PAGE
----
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Fargo: Special Edition

The snowbound noir homage Fargo (1996) won Academy Awards for star Frances McDormand and for the Coen Brothers' screenplay, as well as the BAFTA David Lean Award for Directing, the Best Director award at Cannes and a slew of other honors from film critics' societies. It's listed as one of the American Film Institute's Top 100 Films. But despite that pedigree, it can be appreciated on a pure popcorn-munching level, as a crackerjack dark comedy about a kidnapping that goes horribly awry and the competent small-town cop who cracks the case. A weaselly Minnesota car salesman named Jerry Lundegaard (William H. Macy) is desperate to come up with a lot of cash to save himself from self-imposed financial ruin. So he hires a motley duo of ne'er-do-wells (Steve Buscemi and Peter Stormare) to kidnap his wife so he can bleed his rich, obnoxious father-in-law (Harve Presnell) for the ransom, promising the pair a cut of the loot and a new car. But the plan goes very badly, very quickly, while the local sheriff, Marge Gunderson (McDormand) pieces together the crime as Jerry becomes more and more frantic to cover it up. On that slender thread of story, the Coens have hung a wealth of detail, exploring the mundane aspects of Midwestern life and giving each character a rich backstory and a lot of quirks. The very pregnant Marge patiently pursues Jerry while taking time to tend to her husband, Norm "Son of a" Gunderson (John Carroll Lynch), a placid bear who brings her sack lunches when not working on his duck paintings. The increasingly manic Jerry could be any of a hundred men you pass on the street each day, working in a tiny, wood-paneled office decorated with funny golf paraphernalia. The worse things get for him, the more he lies and schemes to cover his tracks — he's simply not smart enough to think his way out of his predicament nor does he have the strength of character to own up to his wrongdoing. As horrible as the events in Fargo are, Jerry's still a character that inspires pity as we watch the noose around his neck tighten with each misstep. It's left to Marge to sum it all up when she finally nabs her man: "There's more to life than a little bit of money, you know. Don't ya know that? I just don't understand it." MGM's "Special Edition" release of Fargo is an upgrade from the previous bare-bones, non-anamorphic disc, offering a very clean, very bright 1.85:1 anamorphic transfer (a full-frame transfer is offered on Side Two.) It's virtually flaw-free, with crisp detail, doing justice to Roger Deakins' amazing cinematography. The Dolby Digital 5.1 audio (upgrading the 2.0 Dolby Surround on the previous release) is excellent — Fargo is hardly a sound-effects-heavy film, but Carter Burwell's lovely, subtle score is worth hearing. Extras include a commentary track featuring cinematographer Deakins, a trivia track, the featurette "Minnesota Nice" (30 min.), a clip from "The Charlie Rose Show," an American Cinematographer article, a photo gallery, the film's trailer, TV spots, and Easter eggs. Keep case.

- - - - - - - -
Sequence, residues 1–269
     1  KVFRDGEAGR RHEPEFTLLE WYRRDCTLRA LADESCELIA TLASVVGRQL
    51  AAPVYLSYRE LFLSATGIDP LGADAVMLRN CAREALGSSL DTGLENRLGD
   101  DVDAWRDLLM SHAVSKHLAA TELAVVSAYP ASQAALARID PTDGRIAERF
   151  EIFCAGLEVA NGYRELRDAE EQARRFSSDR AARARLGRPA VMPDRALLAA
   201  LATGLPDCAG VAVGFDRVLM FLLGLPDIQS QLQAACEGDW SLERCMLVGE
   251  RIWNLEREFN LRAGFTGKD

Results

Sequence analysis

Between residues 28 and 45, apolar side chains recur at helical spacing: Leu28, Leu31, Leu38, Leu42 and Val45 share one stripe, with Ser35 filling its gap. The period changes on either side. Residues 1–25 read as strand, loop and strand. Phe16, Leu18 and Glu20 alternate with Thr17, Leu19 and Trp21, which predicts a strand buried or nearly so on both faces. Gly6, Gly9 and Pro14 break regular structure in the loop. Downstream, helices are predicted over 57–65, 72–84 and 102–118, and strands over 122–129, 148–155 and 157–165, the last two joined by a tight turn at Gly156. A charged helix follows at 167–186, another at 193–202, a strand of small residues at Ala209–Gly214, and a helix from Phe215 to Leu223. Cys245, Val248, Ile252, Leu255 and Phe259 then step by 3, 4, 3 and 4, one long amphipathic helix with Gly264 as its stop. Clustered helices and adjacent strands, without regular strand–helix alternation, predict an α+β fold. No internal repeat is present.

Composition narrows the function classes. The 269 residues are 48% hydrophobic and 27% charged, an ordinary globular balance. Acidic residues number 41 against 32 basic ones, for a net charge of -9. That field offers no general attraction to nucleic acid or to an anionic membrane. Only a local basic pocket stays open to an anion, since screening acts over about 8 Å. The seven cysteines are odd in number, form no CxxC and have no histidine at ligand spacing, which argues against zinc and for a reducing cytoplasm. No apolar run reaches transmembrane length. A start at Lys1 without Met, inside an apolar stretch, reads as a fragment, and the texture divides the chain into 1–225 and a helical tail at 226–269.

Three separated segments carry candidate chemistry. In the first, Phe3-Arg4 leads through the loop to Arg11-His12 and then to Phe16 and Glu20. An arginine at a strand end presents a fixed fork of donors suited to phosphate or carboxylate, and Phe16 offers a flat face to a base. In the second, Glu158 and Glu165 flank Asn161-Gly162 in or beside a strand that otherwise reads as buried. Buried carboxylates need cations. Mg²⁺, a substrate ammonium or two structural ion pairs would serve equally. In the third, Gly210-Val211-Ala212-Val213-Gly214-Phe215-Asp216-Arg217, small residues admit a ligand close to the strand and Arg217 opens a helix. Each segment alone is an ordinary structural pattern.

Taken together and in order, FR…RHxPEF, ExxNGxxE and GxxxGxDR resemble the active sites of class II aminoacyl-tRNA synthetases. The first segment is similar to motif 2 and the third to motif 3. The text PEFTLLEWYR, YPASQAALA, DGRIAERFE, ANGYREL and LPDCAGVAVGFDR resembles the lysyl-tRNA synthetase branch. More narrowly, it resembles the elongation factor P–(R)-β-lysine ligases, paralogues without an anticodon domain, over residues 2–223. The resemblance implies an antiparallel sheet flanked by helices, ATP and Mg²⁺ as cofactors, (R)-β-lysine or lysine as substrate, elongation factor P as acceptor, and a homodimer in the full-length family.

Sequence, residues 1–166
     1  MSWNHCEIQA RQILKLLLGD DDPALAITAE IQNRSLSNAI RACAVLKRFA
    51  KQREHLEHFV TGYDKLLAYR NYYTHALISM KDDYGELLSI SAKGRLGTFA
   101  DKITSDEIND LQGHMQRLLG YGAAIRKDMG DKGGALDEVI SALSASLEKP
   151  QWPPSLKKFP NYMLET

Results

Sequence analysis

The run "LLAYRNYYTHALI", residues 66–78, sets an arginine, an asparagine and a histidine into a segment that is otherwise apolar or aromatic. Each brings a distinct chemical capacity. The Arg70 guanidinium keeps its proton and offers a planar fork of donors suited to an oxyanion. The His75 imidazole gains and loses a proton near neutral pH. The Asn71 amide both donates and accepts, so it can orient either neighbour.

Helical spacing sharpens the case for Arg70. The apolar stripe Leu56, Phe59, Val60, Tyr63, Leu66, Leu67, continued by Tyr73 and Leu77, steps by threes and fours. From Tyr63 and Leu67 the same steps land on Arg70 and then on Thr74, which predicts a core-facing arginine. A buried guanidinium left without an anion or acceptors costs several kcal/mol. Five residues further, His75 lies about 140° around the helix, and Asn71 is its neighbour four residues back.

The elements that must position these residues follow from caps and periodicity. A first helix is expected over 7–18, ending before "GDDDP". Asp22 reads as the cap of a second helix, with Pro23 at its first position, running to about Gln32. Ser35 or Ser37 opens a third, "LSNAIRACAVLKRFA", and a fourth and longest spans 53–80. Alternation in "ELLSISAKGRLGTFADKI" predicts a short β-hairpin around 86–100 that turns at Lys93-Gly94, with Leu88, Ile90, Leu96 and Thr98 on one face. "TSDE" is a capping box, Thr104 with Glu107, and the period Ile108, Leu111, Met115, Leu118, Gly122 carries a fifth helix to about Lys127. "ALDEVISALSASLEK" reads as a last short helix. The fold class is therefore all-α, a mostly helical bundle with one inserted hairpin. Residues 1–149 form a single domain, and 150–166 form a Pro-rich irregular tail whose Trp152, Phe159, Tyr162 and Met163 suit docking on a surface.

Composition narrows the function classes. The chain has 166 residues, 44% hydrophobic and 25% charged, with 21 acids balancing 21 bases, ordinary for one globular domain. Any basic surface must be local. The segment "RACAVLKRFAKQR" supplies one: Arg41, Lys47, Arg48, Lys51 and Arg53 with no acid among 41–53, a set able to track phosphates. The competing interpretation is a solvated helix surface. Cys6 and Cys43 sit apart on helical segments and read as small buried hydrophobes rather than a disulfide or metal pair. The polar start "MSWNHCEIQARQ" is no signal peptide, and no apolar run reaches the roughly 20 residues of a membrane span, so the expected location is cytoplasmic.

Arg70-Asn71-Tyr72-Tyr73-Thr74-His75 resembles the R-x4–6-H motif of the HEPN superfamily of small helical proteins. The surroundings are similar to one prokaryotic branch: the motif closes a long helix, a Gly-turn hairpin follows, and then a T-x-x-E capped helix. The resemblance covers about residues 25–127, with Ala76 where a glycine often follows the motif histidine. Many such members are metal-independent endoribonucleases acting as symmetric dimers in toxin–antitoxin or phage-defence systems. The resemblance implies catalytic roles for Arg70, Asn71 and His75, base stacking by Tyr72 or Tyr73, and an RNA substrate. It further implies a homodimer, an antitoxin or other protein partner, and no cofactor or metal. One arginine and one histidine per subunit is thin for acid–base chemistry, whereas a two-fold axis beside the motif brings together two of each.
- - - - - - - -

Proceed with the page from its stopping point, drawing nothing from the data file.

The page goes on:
—Dawn Taylor

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